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Paying your mortgage with a Mastercard

I talk to my mom on the phone just about every day; usually, that happens when I’m walking to the gym or grocery store. In the pre-Covid times, I’d often call on my walk home from the subway at night, just to chat.

I talk to my dad on the phone maybe once a month; not because we don’t have anything to talk about, but because that’s how our relationship works. I wouldn’t say my mom and I have something to talk about daily, but it’s a matter of habit.

Today, I called and my mom said my dad wanted to talk to me when we were done. That usually entails a 50/50 proposition of hearing about a crappy TV show he recently watched on Netflix, or him relaying something important. This time fell into the latter category.

“I want to give you some family history,” he said. I wasn’t sure where this was going.

“Your mother and I bought our house in 1980, and your brother was born in ’81. Right around that time, I went down to four days a week at work and wasn’t making a lot of money. I couldn’t pay all of our bills,” he said. “I picked up a part-time job with your uncle remodeling a party center.”

At this point, I was wondering if my dad was going to tell me to get a part-time job. I’ve been working for myself for about a year, and it’s had its ups and downs.

“We had to put a couple house payments on our Mastercard. But nobody can afford that—the interest is like 20 percent on a credit card. I had nothing to fall back on, with a baby at home and a new house. But I managed to pay off the credit card with a bonus I got that year from work, and we were OK.”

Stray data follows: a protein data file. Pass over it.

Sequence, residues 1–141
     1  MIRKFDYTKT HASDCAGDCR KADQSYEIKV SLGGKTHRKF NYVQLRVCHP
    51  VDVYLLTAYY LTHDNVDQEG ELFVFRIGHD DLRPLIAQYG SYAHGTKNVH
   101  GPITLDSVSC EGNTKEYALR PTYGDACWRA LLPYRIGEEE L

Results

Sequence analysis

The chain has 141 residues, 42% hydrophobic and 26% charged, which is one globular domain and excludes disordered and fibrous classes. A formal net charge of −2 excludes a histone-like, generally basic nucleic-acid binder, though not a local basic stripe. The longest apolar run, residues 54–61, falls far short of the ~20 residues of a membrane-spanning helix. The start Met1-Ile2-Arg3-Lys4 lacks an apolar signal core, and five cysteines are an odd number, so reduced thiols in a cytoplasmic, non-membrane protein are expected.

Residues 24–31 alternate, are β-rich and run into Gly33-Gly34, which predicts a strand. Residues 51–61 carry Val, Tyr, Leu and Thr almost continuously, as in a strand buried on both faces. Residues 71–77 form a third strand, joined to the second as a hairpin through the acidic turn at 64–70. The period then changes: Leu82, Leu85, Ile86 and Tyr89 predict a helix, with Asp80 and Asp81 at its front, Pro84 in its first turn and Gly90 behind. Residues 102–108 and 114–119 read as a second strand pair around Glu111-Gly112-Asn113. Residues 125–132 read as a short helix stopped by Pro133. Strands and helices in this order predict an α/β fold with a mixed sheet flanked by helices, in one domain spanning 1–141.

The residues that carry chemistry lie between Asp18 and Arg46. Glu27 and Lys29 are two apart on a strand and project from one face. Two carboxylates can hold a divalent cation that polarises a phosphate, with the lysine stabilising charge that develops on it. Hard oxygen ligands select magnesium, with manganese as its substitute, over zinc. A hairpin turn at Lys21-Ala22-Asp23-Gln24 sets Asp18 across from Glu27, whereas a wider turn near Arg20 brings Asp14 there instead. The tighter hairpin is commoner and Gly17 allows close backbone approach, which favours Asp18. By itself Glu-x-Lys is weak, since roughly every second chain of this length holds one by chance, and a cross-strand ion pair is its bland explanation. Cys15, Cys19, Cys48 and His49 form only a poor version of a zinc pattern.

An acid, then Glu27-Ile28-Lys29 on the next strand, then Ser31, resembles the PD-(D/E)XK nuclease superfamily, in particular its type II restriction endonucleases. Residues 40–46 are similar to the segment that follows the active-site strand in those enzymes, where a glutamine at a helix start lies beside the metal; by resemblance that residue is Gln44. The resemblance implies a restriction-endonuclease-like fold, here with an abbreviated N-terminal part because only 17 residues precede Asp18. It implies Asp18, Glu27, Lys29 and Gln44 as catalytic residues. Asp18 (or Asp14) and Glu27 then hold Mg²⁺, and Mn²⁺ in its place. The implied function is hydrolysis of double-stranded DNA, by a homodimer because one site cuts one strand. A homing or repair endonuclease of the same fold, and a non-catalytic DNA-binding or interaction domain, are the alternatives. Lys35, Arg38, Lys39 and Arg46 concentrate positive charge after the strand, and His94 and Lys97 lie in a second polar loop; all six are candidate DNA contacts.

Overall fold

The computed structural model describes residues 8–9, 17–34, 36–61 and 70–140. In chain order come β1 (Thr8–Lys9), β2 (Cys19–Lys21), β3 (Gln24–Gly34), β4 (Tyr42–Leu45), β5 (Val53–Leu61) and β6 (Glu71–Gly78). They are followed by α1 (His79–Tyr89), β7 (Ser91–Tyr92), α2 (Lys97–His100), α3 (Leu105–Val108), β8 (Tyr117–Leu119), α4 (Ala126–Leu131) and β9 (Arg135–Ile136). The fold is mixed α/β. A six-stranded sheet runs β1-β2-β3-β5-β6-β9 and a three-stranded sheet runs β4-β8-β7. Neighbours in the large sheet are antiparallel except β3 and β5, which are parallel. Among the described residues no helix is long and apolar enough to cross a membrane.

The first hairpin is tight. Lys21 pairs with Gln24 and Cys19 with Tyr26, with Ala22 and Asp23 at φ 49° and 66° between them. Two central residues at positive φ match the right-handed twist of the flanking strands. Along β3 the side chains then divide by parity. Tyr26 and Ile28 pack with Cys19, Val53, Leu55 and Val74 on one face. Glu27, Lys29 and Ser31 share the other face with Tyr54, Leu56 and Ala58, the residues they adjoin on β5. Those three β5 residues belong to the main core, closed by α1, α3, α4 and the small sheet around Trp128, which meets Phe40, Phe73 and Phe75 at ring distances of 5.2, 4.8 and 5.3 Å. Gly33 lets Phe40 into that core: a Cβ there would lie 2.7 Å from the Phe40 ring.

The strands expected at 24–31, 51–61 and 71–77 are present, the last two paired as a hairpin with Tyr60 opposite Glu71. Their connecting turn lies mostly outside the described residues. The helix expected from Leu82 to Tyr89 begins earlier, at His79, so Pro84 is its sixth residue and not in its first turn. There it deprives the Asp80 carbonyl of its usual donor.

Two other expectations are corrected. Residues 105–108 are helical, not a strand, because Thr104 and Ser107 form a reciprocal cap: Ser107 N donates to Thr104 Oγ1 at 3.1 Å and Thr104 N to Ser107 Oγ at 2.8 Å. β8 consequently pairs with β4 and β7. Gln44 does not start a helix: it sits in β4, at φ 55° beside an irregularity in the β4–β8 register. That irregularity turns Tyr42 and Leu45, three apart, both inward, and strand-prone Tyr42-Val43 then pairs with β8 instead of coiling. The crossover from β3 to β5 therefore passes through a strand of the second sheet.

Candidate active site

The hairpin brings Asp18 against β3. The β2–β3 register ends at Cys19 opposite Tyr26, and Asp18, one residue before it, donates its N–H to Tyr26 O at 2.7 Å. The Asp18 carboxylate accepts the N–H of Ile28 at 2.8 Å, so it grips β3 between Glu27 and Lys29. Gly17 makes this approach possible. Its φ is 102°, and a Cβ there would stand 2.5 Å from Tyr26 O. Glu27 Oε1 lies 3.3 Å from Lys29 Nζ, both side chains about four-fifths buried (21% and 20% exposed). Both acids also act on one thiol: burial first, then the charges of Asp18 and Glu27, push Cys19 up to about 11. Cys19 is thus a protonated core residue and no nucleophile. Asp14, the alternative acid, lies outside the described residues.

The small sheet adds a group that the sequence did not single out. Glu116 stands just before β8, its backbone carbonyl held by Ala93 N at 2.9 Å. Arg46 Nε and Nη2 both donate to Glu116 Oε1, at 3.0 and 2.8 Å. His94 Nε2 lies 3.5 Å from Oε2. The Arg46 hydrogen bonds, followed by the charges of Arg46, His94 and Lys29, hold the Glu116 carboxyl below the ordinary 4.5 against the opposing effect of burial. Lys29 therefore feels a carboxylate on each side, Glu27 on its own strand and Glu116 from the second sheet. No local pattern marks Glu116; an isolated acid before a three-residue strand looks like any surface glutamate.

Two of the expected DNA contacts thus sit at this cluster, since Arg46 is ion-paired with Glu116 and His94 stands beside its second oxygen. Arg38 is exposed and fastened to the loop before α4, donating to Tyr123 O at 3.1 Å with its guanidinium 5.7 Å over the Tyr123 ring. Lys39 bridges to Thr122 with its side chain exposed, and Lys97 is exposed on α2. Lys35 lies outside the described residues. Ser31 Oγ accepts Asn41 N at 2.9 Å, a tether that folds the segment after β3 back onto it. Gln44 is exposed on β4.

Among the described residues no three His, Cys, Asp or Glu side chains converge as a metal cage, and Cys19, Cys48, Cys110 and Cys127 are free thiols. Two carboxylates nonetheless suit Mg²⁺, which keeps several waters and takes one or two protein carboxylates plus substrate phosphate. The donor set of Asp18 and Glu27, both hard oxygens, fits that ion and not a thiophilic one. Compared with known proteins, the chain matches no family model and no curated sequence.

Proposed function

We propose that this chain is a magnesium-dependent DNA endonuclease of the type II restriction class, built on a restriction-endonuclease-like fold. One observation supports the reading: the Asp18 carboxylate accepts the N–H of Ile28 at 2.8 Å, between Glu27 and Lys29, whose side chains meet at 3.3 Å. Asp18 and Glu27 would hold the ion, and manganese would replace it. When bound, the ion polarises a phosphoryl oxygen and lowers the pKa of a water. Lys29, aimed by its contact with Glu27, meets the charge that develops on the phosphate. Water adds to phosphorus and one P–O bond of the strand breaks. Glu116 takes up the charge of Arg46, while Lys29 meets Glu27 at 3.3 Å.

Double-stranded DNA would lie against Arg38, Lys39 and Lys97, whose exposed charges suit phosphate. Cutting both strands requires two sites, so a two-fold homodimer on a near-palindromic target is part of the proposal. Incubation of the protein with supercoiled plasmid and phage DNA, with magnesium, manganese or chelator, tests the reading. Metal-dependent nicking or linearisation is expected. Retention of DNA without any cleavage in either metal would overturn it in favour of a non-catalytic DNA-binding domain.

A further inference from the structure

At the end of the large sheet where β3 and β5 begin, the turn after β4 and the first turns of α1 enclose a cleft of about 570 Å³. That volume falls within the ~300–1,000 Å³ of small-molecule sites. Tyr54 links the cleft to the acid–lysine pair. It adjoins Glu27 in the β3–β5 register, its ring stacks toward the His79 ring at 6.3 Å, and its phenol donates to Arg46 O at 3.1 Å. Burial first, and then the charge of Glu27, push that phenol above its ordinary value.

He said one or two more things about not falling into debt, but then the important part.

“I had nobody to fall back on,” he said. “But you do.”

I thanked my dad for saying this, and I took it to mean two things: In the end, my parents are there if things don’t work out, both financially and emotionally. They’re not rich. But they are supportive. They’ve encouraged me to keep working for myself, no matter how tough that can be at times. They know why I’m doing it, too.

I told my dad it’d be a hit to my ego if I ever had to ask for financial help, but I’d tell him if things were bad. They’re not, though things can change quickly. All it took for me was having my biggest client drop off, and suddenly, my income dropped by 60 percent.

That’s the thing with working for yourself: Nothing really prepares you for it. You can spend your whole life having other people tell you what to do, and do that well. But when you’ve gotta find the what and not just the how, you’re playing a different game.

I’ve always looked up to my dad; he’s the hardest-working person I know, and I can only imagine what not making ends meet did to him at the time. I’d heard some version of this story before, but never the part about him picking up a part-time job just to get by.

Progress isn’t linear. That much I know. It wasn’t for my dad, and it hasn’t been for me. But he got there, and I’m gonna try to, too.

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